The White House is ramping up its warnings about the automatic spending cuts scheduled to hit March 1, warning it would lead to hundreds of thousands of job losses, furloughs and impaired government services across the government with fewer food safety inspectors, children in Head Start and FBI agents on the beat.
“There is no question that we need to cut the deficit, but the President believes it should be done in a balanced way that protects investments that the middle class relies on,” the White House said in a 2,000-word fact sheet detailing the cuts.
“Unfortunately, many Republicans in Congress refuse to ask the wealthy to pay a little more by closing tax loopholes so that we can protect investments that are helping grow our economy and keep our country safe. Our economy is poised to take off but we cannot afford a self-inflicted wound from Washington. We cannot simply cut our way to prosperity, and if Republicans continue to insist on an unreasonable cuts-only approach, the middle class risks paying the price.”
White House officials declined to say their preference for the ratio of cuts to revenue in any short-term package, like the one President Barack Obama suggested was needed earlier this week. Nor has the White House proposed a package of its own. But Obama said a short-term delay for the next several months would give Congress more time to reach a bigger budget bargain.
Jason Furman, deputy director of the National Economic Council, said only that the package must be “balanced” and said the ratio would be something less than the 1:1 ratio the president suggested in his December fiscal cliff offer to Speaker John A. Boehner, R-Ohio. That’s because the president has since then gotten more than $600 billion in revenue without any cuts, Furman noted, and he reiterated that the larger offer remains on the table.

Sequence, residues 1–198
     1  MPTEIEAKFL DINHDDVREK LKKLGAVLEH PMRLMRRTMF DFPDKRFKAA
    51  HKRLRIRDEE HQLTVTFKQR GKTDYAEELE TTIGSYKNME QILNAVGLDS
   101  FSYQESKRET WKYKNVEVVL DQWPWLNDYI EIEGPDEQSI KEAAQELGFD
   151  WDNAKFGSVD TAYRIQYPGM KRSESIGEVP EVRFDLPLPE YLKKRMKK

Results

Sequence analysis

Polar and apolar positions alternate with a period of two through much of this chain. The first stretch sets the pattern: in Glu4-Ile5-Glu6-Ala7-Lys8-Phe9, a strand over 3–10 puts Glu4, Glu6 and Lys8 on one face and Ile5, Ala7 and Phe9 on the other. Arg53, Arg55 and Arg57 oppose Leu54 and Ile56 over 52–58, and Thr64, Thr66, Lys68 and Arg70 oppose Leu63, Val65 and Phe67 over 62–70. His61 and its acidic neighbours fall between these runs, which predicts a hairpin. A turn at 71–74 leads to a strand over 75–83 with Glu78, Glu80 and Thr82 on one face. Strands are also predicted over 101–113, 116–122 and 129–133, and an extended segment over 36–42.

Press Secretary Jay Carney declined to issue a formal veto threat over GOP plans to offer a cuts-only package, but he said that balance was “essential” to a deal. And he dismissed Republican efforts to blame the sequester on the White House as a “fanciful confection.” Carney noted that Republicans celebrated the August 2011 deal on the debt limit, which created the sequester as an incentive for lawmakers to craft a broader deficit reduction package. That broader plan never materialized. But at the time of the debt limit agreement, Boehner bragged he got 98 percent of what he wanted, and the White House endorsed it as a means of ending a crisis that nearly saw the country default on its obligations for the first time in its history.
As both parties try to find a new way to avert the sequester this year, Republicans have taken to calling it the “president’s sequester,” and have said they would oppose any new revenue.
Furman and Danny Werfel, the federal controller for the White House’s Office of Management and Budget, warned the impact on federal services and the larger economy would be severe if no deal is reached.
Former Sen. Scott Brown, R-Mass., candidate for U.S. Senate in New Hampshire, holds his hand over his heart during the singing of the national anthem as he waits to take the stage for his town hall campaign rally with Sen. John McCain at the Pinkerton Academy in Derry, N.H., on Monday, Aug. 18, 2014.